(AP/Eric Charbonneau/Reuters/Mikko Stig/Photo montage by Salon)

Can Mr. Angry Birds make Nokia take flight again?

The failed CEO of game-maker Rovio, Pekka Rantala, will try to slingshot the Finnish mobile-phone maker to success.


Angelo Young
August 16, 2016 4:00AM (UTC)

Can the executive who tried (and failed) to make the Angry Birds game franchise into a global powerhouse bring Nokia back from the brink? The Finnish mobile phone company is hoping that former Rovio Entertainment CEO Pekka Rantala can do more to help their once-storied brand take flight than he did for those furious flying cartoons.

On Monday, HMD Global, the company founded in May to sell Nokia-branded mobile phones and tablets, named Rantala to spearhead a massive re-entry into the global mobile phone market. Rantala, who was named HMD’s chief marketing officer, had stepped down as CEO of Rovio last December after the gaming company failed to capitalize on the immense popularity of one of the earliest and biggest smartphone game successes.

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Since its debut in 2009, Rovio's Angry Birds has been one of the most downloaded game apps. Under Rantala, the company tried to leverage their signature brand, expanding into board games, clothing, toys, TV and film adaptations, and even theme parks. But the brand that Rantala once said had the potential to become a modern-day Walt Disney Co. flew out of a slingshot fast — then took a nosedive. Under Rantala, Rovio cut more than a third of its workforce last year, and it recently announced a restructuring to focus on its core gaming, media and consumer products businesses.

But Rantala, a former Nokia executive, says he’s optimistic that his homecoming will help Nokia return to past glory. "Nokia is a globally recognized brand, and we have a chance to rejuvenate it like never before," Rantala told Cnet News about his return to the company. 

If you’re old enough to days before smartphones, there's a good chance you owned at least one Nokia handset. Once the world’s dominant mobile-phone maker, Nokia was known for making sturdy, low-priced handsets, but it failed to keep up and was steamrolled in the late 2000s by Apple’s iPhone and Android-based smartphones.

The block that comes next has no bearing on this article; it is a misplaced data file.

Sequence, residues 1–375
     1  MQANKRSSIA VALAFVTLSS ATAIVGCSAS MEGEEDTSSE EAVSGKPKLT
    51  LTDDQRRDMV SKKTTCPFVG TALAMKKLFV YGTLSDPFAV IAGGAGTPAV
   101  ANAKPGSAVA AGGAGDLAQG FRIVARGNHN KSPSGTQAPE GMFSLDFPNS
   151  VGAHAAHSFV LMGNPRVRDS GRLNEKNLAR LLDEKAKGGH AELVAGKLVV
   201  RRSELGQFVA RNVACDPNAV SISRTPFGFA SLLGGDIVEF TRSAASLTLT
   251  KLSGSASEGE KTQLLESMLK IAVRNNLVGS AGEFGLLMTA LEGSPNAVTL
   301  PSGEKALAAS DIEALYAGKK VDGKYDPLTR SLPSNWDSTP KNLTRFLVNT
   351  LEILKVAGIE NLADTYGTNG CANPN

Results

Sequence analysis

An ill-fated 2011 deal with Microsoft nearly bankrupted Nokia company, as it put all its egg in the Windows Phone operating system basket. That arrangement ended in 2014 when Microsoft sold its phone business it purchased from Nokia to FIH Mobile (a subsidiary of Taiwan's Foxconn, the world’s largest contract electronics manufacturer) and a new Finnish company called HMD Global.

Now HMD Global will design, produce and sell a new line of Nokia-branded tablets and smartphones under a deal with Nokia Technologies, whose main business is selling high-speed broadband hardware to telecom companies. In June, Nokia Technologies announced an agreement with China Mobile, the world’s largest telecommunications company by market share, to expand the state-owned company’s network and cloud computing infrastructure.

Since selling its mobile business to Microsoft, Nokia Technologies has made only one mobile device, the Android-based N1 tablet. The N1, which is manufactured by Foxconn, has been well received in the Chinese market and provides a glimpse of what HMD has planned for Nokia brand: build a line of Android-based devices in a bid to take on Apple and Samsung. HMD hasn’t announced when its first Nokia-branded Android-based smartphones will hit the market. But Rantala, for one, can't wait to get back in the game. As he told CNet News: "I love Nokia, I love what it stands for, and I'd love to see it rise again."

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Angelo Young

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